From Death to Fuzhou

Being back in Fuzhou, this grungy, comfortable, familiar little town I’ve grown attached to, is very strange. I feel like I have just barely returned from near death, watching my brain slip quickly away from me, and I have a lot to think about from that glimpse of the end of my life. At the same time, some people here didn’t even know why I was gone and, given the so completely familiar surroundings of the dorm hallways and my old room, there is the strange sense when I see those people that… maybe nothing happened. How could it have been that bad? Here I am, talking and walking normally. They seem so unconcerned, how can I be? Yet there are others who run to hug me, thankful to see me again, and this feels more in tune with what happened. I think I want that support, that reminder that I really did go through something as intense as it feels to me, that I wasn’t just skipping school.

Banyan treeIronically, I have a different way to experience this place now. My knee is improving and I can walk freely and climb stairs. I can see a place and walk to it fearlessly. The constant stress of school is also suddenly gone. I can enjoy a moment for what it is, without the terror that I’m hurtling ever further behind in every moment that I’m not staring at a book. Together, these two things open this place in a whole new way that wasn’t available before. All of this helped make last night such a surprising delight.

I wanted to see the park. I wanted to be around all of those Fuzhou people enjoying the evening. In the bustle of travel I had somehow lost the tiny sim card for my phone and suddenly had no way to contact anyone. Apparently they had been calling me and gave up and went out to eat without me, leaving me alone to wander. I found one friend, Angela 张萌, who was free and insisted that she go with me to 五一广山 (wu yi square), the park at the heart of Fuzhou. As we waited for the bus she told me about 11/11/11, that day, a day with so many single 1s that the Chinese people call it, “singles day”. Single people are supposed to pair up and have a date that night. I immediately picked up her arm, dropped it into mine, and declared it a date.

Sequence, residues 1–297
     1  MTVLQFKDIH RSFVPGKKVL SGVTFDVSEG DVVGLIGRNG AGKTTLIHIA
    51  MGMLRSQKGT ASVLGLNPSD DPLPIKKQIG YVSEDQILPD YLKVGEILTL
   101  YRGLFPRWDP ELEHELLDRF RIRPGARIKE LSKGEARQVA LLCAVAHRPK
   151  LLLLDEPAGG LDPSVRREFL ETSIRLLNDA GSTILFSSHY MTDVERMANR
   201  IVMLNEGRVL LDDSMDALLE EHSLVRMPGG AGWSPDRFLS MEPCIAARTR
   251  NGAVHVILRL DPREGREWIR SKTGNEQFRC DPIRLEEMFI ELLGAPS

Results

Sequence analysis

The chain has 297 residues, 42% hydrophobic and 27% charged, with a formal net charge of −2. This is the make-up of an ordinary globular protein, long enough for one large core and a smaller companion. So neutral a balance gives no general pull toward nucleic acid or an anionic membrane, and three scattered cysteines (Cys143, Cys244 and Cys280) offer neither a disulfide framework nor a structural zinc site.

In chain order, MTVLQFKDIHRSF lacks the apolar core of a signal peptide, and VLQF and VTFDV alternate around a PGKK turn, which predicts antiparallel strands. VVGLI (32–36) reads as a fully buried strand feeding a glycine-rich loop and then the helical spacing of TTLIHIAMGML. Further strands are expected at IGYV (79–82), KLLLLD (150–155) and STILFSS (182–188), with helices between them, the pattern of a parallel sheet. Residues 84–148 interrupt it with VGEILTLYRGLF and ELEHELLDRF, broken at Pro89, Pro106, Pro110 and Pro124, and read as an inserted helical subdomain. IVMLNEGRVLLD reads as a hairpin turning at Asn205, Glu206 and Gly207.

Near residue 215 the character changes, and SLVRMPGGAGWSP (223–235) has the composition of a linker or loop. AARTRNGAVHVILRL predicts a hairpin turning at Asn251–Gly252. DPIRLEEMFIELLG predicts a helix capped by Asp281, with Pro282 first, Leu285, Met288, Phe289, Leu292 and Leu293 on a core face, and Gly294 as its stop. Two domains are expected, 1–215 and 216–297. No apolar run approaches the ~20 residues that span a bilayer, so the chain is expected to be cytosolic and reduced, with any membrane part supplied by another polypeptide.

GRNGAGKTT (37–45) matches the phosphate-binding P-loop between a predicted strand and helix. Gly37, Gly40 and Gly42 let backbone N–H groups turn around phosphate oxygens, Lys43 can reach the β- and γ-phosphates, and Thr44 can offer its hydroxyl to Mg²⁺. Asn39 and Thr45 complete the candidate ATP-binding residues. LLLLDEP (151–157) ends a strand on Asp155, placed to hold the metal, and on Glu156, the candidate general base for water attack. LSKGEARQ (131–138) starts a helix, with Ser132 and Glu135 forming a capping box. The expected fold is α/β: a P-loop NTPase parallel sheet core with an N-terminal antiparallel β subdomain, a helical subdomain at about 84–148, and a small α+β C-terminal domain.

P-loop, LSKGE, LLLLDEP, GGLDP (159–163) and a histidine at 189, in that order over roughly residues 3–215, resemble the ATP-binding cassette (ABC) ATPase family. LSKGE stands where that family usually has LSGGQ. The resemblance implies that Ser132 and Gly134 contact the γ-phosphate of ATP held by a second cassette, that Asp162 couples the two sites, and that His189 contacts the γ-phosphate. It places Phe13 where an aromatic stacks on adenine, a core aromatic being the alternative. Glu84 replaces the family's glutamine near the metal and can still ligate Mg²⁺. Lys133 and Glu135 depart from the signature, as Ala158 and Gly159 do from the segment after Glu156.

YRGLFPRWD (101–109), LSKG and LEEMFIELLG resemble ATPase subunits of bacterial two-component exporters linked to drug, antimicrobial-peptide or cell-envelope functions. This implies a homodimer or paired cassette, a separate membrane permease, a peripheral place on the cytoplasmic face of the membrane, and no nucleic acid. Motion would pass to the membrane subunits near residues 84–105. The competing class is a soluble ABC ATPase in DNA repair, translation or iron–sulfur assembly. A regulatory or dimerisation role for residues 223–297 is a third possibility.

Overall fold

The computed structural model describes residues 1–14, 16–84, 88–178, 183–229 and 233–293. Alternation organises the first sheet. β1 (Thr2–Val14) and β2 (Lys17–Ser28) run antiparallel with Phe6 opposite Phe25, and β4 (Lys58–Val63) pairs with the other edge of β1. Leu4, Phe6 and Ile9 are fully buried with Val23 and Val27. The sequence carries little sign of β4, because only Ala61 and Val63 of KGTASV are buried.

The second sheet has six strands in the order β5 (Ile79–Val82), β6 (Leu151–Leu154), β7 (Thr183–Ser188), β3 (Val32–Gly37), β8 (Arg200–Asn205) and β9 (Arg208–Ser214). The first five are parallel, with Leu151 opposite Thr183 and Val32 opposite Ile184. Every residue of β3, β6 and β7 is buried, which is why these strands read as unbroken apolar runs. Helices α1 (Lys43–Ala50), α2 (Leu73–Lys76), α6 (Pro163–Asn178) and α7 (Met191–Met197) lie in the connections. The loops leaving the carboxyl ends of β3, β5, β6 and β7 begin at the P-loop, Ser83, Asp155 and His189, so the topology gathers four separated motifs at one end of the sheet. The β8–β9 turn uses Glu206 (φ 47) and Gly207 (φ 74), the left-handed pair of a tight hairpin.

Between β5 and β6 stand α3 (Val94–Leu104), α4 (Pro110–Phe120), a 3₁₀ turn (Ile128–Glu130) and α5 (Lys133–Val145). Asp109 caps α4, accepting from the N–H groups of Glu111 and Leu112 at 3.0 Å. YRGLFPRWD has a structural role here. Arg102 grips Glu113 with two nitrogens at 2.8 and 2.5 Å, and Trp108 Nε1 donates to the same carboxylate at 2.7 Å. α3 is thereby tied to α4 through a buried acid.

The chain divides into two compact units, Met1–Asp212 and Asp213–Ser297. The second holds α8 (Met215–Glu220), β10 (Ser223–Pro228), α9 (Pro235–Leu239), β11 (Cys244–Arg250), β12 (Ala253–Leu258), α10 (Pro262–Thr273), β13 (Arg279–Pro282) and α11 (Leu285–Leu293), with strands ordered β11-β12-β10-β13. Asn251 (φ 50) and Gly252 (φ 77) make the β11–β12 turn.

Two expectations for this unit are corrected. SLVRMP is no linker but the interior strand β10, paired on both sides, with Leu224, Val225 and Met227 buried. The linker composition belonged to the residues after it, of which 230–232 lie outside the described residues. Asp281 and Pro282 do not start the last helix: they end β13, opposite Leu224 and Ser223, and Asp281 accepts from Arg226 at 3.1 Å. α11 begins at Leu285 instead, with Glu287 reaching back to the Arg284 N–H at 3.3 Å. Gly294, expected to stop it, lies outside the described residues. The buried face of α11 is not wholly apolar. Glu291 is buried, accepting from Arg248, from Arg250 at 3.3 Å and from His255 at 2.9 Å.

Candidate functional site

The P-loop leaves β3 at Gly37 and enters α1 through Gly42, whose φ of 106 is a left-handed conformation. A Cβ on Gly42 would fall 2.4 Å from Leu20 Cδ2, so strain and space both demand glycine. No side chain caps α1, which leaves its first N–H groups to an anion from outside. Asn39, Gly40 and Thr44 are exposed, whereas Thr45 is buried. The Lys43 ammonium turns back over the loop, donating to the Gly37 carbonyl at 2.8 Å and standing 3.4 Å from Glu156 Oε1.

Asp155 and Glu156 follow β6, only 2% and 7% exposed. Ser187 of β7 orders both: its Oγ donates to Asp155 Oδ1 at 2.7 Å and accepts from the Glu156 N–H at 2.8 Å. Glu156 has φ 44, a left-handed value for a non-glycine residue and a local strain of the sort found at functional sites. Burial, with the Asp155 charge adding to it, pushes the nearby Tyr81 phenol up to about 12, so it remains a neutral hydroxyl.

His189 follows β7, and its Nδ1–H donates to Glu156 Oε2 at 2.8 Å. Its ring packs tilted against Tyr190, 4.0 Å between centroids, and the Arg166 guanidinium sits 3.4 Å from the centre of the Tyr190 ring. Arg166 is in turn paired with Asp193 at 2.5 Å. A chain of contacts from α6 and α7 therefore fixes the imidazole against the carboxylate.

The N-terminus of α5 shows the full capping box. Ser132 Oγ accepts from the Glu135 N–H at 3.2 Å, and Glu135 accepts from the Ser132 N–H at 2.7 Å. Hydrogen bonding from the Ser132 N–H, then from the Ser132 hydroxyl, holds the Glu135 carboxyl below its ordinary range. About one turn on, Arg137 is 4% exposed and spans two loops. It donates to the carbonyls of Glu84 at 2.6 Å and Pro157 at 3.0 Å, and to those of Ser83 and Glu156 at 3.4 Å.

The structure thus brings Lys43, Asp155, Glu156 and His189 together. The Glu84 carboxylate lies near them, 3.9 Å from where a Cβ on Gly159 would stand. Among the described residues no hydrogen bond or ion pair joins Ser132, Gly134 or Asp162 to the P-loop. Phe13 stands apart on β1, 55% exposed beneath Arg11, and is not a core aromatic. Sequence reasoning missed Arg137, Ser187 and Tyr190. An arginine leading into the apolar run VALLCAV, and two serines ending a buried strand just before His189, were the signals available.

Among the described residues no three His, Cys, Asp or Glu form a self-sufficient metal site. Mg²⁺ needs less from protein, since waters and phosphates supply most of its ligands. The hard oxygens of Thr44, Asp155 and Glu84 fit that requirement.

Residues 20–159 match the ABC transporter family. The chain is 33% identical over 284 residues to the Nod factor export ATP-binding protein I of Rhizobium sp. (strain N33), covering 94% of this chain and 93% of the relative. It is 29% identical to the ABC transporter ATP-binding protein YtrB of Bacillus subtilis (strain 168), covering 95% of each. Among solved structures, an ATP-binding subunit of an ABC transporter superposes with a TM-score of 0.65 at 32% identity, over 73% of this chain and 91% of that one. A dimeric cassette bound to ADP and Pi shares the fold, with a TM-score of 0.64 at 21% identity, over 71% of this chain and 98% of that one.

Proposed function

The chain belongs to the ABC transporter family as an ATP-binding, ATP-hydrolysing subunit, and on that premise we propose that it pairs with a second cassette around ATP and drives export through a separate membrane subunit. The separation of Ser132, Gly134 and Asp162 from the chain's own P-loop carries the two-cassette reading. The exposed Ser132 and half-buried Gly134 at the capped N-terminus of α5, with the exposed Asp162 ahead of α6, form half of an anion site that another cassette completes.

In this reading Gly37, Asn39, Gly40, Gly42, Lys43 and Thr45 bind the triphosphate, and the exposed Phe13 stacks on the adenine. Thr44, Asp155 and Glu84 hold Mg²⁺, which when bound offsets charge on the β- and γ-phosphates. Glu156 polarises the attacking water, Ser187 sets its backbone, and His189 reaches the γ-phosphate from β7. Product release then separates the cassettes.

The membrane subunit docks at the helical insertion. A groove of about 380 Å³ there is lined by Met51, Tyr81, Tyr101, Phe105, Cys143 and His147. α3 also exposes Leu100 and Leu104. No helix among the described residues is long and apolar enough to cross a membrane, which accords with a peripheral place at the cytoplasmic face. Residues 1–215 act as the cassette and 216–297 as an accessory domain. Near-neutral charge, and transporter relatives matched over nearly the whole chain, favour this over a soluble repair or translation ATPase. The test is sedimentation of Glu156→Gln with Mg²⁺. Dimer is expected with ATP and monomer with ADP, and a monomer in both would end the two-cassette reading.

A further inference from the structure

I tried to make it as Chinese as possible. First we went to the massive, Burning Man scale statue of Mao Zedong and saluted. The banyan tree is the official tree of Fuzhou, so we found a wise old banyan dripping with beards and asked it, in Chinese, to make tonight perfect. He said sure, and to drink plenty of water. Thus blessed, we walked around the park and the city (after buying some water) just talking and playing and seeking out little places to buy sweets. We danced under the trees and over the steps. We watched drunk groups of Chinese people singing lonely songs to one another in the street. We ended in perfect style in a tower on top of a roof, at 5:00 am, looking out over the city and sipping walnut milk.

The whole night… the simple walking and talking in the light rain, the spontaneous smiles, the people we bumped into… all of it something that only a few days ago I thought would never be possible again. It made everything tingle with an electricity that sang, “just one more.” Just one more magic moment before I go. Just one more silly joke before I go. Just one more dance before I go. Just one more look at a fountain before I go. Just one more smile from a pretty girl before I go. Everything I see, taste, hear or feel now is a bonus, an extra, a treasure. Life has always been this way, so full of treasure. Life will always be this way. It’s so good to notice, feel, and remember this again.

photo links to photographer’s site

Related posts:

  1. Night Out in Fuzhou
  2. When Death Chucked Me On the Shoulder
  3. Death of my Teacher
  4. Losing A Mind 4: Noodle
  5. Improv in the Wild: Thanks Andy Crouch

2 thoughts on “From Death to Fuzhou

  1. Nick Herman

    I have also been in this place.

    Then you are better, you build up a life, you don’t struggle so hard…and you have to remember to somehow still live in this way, regardless of that. That’s the really hard part.

    Reply

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